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King’s Quest gives a wink to old fans with throwbacks, unwavering focus on story

It’s hard to conceive of a better moment for King’s Quest to stage a comeback. At a time when most game stories amounted to little more than “The princess is in another castle,” Sierra On-Line and a small handful of others set out during the ’80s and ’90s to tell meaningful tales in gaming’s nascent interactive spaces. Rudimentary graphics didn’t, and still don’t, dull the staying power of names like King Graham or Roger Wilco. And now, in an era when innovative new approaches have bred experiences like The Walking Dead and Gone Home, Roberta Williams’ beloved creation feels like it’s primed for a return.

That’s where The Odd Gentlemen comes in. The Los Angeles-based studio is bringing back King’s Quest under the creative direction of co-founder Matt Korba. A mix of new and old ideas are at work. The game still belongs firmly in the “adventure” category (rest easy, Mask of Eternity haters) and it’s built on exploration and puzzle-solving. Story matters, and choices have tangible effects on certain outcomes, but The Odd Gentlemen’s take is built more on action than words. There’s also a five-chapter structure that’s become so popular among games of this sort, but it’s not strictly a single, contiguous narrative.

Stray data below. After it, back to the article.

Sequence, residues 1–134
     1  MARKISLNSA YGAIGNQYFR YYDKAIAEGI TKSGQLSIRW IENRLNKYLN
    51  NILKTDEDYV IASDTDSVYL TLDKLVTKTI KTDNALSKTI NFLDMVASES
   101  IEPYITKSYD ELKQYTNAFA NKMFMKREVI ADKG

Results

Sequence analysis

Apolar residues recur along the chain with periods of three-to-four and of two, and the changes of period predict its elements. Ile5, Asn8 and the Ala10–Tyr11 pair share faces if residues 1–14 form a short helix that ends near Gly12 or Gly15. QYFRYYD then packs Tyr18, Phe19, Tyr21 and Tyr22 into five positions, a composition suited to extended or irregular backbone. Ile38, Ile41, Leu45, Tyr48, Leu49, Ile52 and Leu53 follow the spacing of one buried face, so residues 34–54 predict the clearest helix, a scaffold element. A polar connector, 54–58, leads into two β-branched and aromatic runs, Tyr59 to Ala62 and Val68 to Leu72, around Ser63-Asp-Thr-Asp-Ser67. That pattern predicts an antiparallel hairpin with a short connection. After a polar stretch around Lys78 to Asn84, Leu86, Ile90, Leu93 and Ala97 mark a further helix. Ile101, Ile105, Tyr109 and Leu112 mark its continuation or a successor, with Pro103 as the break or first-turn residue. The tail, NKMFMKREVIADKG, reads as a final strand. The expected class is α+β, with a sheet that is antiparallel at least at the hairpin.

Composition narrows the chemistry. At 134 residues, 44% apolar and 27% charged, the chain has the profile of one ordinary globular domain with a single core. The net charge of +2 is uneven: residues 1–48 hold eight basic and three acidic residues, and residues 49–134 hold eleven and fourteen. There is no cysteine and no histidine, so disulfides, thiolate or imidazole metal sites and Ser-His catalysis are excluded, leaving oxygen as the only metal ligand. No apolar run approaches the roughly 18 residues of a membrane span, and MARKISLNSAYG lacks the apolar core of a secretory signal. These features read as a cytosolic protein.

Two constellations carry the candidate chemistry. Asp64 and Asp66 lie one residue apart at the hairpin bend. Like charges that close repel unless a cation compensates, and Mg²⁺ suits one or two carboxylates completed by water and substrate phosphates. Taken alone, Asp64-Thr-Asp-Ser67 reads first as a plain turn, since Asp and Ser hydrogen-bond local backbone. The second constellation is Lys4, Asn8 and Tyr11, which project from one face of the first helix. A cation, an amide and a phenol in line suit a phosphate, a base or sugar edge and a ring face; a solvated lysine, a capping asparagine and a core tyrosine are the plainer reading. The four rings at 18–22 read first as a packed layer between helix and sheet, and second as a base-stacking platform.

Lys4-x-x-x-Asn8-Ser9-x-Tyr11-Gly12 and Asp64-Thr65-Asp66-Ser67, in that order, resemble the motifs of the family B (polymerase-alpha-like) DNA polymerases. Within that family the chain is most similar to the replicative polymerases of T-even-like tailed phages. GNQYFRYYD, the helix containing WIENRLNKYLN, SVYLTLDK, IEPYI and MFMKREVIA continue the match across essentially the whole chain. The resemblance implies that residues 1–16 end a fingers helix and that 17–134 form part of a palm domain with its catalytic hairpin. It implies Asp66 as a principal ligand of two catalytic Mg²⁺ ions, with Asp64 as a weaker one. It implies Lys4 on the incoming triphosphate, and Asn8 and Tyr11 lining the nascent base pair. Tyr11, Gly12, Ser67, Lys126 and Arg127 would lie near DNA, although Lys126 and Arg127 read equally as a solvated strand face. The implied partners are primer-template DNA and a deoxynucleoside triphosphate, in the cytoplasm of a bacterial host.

“If you’re really a King’s Quest fan, you’re going to catch so many nods.”

“The game is really about the stories that old Graham shares with his curious granddaughter, Gwendolyn. And so each episode focuses on one of those stories. We’re telling stories in between the original games,” Korba tells Digital Trends. “So we completely reimagined it, it’s a new King’s Quest, everything’s re-thought and it looks similar but different. But we’re keeping the details that were set by Roberta and Ken and sort of elaborating on those.”

The first chapter, which involves a dragon, a magic mirror, and a secret buried far beneath an old well, charts Graham’s path to becoming a knight. Longtime fans might view it as a prequel of sorts, since it follows Graham’s journey prior to the events of the original game. Later episodes are set to look at how the future king met his queen, Valanice, and other important scraps of lore. The intent is to deliver a story that stands on its own two feet while still showering the faithful with all the knowing winks they could hope for.